|Contingencies Involved in Pathological Processes|
|Sunday, May 28, 2017|
|10:00 AM–10:50 AM |
|Hyatt Regency, Capitol Ballroom 5-7|
|Area: CBM; Domain: Basic Research|
|Chair: Meagan Perkins (University of Louisiana at Lafayette)|
|Discussant: Jonathan J. Tarbox (FirstSteps for Kids)|
|CE Instructor: Jonathan J. Tarbox, Ph.D.|
The behavioral deficits of inattention and, impulsivity can impact daily functioning in a number of different ways, resulting, for some, in clinically diagnosable struggles. For example, disorders of mood, attention, personality, and substance use are all characterized by persistent inattention and impulsivity. Understanding the factors involved in the assessment and influence of these struggles is key in continuing to develop behavioral interventions for such disorders. This symposium will explore pathological processes like inattention and impulsivity in the lab with volunteer research participants. The first paper will detail the development of a behavioral assessment of delay discounting, a phenomenon where participants engage in behaviors that result either in immediate points, gradually accruing points, or by points being awarded after a delay. The second paper will explore how derived causal efficacy judgments influence impulsivity and inattention in a computerized assessment. Implications for behavioral interventions for inattention- and impulsivity-based disorders will be discussed in both studies. A general, moderated discussion will follow.
|Instruction Level: Basic|
|Keyword(s): causal efficacy, delay discounting, impulsivity, inattention|
An Examination of the Effects of Derived Causal Efficacy on Impulsivity and Inattention
|CALEB FOGLE (University of Louisiana at Lafayette), Benjamin Manuel Ramos (University of Louisiana at Lafayette), Emily Kennison Sandoz (University of Louisiana at Lafayette)|
Inattention and impulsivity are behavior problems that tend to significantly disrupt activities across a range of life domains. Chronic impulsivity and inattention are often diagnosed as attention-deficit hyperactivity disorder (ADHD). The clinical literature suggests that individuals diagnosed with ADHD tend to maintain rule-governed self-evaluations of causal efficacy, which, in turn, are associated with higher levels of inattention, impulsivity, and resulting dysfunction. This study examined how derived causal efficacy could impact intention and impulsivity. Participants completed a series of Go/No-Go tasks with and without contextual cues. Some of these cues had derived causal efficacy functions through their relations with discriminative stimuli for high or low rates of responding. The impact of derived causal efficacy was examined in relation to errors of omission (inattention) and errors of commission (impulsivity). Data suggested that participants successfully transferred causal efficacy functions across the equivalence classes. Impacts on inattention and impulsivity varied, however, between individuals. Implications for behavioral interventions for inattention, impulsivity, and ADHD will be discussed.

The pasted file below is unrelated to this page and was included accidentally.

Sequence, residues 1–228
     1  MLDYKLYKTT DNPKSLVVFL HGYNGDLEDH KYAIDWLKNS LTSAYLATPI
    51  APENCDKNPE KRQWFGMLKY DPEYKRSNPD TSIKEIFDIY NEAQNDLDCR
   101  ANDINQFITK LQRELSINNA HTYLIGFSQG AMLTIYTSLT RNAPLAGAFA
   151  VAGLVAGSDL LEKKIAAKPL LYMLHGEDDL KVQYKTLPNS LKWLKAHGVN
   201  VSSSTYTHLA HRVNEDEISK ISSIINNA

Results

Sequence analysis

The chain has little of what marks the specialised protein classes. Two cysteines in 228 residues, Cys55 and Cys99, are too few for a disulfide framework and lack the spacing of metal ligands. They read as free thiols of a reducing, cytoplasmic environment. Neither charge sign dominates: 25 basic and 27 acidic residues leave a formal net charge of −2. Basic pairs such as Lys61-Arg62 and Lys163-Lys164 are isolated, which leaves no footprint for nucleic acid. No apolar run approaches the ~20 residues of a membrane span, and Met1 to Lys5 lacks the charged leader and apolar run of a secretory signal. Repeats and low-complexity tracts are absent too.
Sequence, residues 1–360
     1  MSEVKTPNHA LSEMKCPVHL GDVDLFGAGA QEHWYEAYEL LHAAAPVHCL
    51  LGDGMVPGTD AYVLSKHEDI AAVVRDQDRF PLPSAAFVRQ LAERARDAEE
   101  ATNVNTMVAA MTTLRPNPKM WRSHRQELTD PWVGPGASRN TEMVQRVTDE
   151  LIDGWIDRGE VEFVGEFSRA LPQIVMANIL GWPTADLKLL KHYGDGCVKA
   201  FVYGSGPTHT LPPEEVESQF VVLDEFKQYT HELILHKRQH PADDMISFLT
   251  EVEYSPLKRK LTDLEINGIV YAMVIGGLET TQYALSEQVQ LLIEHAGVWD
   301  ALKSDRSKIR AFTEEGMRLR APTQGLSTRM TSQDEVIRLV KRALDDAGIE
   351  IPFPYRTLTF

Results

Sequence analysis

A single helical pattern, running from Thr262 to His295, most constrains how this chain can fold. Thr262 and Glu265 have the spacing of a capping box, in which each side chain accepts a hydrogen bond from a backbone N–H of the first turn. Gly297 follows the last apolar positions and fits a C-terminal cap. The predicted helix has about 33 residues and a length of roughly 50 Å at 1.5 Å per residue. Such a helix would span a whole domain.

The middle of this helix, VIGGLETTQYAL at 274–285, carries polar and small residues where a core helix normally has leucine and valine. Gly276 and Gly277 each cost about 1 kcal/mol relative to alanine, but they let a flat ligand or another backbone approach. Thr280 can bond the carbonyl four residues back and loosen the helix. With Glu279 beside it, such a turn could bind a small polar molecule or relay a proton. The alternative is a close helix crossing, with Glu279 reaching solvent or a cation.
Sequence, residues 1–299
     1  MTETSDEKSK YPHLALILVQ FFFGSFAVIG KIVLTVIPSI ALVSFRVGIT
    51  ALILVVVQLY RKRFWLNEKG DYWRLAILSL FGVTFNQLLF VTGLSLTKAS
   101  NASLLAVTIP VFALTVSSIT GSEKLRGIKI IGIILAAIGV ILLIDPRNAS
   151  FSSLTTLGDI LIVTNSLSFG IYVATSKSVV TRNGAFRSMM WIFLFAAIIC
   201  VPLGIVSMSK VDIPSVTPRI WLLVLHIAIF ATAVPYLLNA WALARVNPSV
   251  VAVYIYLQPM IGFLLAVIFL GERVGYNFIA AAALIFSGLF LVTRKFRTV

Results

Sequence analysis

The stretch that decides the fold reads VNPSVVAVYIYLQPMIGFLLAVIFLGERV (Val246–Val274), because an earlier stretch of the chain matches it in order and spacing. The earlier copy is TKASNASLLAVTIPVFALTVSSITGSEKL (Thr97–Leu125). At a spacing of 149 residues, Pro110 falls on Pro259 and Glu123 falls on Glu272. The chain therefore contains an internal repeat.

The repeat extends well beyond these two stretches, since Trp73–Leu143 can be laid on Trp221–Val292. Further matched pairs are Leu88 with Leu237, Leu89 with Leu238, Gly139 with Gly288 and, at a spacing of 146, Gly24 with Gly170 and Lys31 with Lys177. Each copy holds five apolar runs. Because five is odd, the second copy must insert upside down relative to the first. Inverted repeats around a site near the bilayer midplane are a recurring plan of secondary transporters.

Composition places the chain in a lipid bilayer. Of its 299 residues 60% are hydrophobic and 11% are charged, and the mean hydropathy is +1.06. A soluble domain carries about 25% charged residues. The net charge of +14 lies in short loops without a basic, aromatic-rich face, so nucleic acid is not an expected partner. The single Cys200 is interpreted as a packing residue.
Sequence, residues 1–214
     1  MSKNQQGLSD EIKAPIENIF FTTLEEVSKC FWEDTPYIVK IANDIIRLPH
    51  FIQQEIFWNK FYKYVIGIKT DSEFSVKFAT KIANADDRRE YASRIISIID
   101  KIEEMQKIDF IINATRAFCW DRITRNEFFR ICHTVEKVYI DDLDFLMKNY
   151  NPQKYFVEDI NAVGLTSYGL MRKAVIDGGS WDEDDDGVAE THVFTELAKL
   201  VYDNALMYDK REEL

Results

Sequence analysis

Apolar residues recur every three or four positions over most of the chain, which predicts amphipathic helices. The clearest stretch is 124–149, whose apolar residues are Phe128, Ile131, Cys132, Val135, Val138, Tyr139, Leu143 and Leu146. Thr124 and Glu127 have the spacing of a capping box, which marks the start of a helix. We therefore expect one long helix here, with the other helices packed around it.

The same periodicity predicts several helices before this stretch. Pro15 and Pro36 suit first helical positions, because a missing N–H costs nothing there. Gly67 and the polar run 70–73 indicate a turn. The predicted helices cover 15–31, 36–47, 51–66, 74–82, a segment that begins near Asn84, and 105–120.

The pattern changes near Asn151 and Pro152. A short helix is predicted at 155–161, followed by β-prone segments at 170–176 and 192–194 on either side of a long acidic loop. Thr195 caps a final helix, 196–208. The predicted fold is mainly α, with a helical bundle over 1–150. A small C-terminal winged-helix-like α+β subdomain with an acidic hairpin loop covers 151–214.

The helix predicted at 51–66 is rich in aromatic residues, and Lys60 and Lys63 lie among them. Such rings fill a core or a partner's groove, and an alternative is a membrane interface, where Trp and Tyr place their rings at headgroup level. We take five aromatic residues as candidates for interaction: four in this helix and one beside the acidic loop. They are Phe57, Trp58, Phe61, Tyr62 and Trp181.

Development of a Behavioral Assessment of Delay Discounting
|LISA HARRISON (University of Louisiana at Lafayette), Jessica Auzenne (University of Louisiana at Lafayette), Emily Kennison Sandoz (University of Louisiana at Lafayette)|
Impulsivity often leads to high-risk behavior due to its focus on immediate gratification in lieu of long-term gains. Delay discounting is the phenomenon through which a larger, delayed reward is discounted to the extent that the individual displays a preference for a smaller, immediate reward. Most human delay discounting procedures involve choices between two hypothetical outcomes involving various types of reinforcers. In these procedures, participants are provided with multiple trials where two hypothetical outcomes (e.g., $10 now or $100 after some delay) are presented and a choice is made between the two. The validity of such tasks is limited, as the contingencies (i.e., reinforcers and delays) are never directly experienced by the participants. This paper will describe the development of a computer-based assessment of delay discounting, in which participants directly contact both the reinforcers and the delay. The data suggest slightly different processes of delay discounting when contingencies are directly experienced.Implications for intervention on impulsivity will be discussed.